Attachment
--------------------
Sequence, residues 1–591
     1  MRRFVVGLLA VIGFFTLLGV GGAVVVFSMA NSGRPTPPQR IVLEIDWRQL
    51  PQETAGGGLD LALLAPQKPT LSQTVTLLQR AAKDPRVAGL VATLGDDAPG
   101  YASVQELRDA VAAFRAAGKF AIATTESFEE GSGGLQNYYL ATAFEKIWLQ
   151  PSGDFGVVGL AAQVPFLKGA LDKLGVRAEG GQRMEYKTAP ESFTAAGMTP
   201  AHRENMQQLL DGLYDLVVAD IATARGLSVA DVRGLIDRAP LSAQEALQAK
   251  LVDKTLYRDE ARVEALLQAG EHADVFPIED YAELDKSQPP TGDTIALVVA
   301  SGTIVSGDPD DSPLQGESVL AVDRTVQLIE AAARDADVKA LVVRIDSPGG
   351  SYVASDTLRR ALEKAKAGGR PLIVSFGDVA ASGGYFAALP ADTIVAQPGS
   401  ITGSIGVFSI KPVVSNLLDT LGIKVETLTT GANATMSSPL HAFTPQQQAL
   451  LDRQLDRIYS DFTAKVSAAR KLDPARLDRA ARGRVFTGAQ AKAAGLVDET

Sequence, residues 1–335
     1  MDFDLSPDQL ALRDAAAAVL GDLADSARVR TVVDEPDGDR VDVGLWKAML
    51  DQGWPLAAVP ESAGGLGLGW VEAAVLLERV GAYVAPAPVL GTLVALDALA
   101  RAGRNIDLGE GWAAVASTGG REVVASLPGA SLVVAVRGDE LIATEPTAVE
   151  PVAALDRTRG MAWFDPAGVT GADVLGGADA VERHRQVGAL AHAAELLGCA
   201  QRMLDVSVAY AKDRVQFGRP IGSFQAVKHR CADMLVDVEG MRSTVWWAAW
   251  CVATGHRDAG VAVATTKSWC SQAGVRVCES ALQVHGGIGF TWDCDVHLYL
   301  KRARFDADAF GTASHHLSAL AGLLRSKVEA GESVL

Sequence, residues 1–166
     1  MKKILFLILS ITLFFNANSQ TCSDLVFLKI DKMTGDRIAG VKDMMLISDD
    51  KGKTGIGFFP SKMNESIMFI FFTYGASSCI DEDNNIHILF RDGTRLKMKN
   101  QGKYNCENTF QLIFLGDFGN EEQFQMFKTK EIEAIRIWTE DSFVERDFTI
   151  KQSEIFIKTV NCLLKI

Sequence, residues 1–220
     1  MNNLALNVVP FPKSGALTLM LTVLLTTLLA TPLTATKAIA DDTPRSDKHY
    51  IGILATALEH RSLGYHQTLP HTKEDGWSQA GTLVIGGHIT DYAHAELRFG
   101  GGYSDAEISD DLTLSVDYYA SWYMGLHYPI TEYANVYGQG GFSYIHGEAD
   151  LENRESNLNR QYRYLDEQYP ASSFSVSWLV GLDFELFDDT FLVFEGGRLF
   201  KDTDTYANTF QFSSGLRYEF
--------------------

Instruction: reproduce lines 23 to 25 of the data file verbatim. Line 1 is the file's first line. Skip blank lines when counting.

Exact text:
   101  QGKYNCENTF QLIFLGDFGN EEQFQMFKTK EIEAIRIWTE DSFVERDFTI
   151  KQSEIFIKTV NCLLKI

Sequence, residues 1–220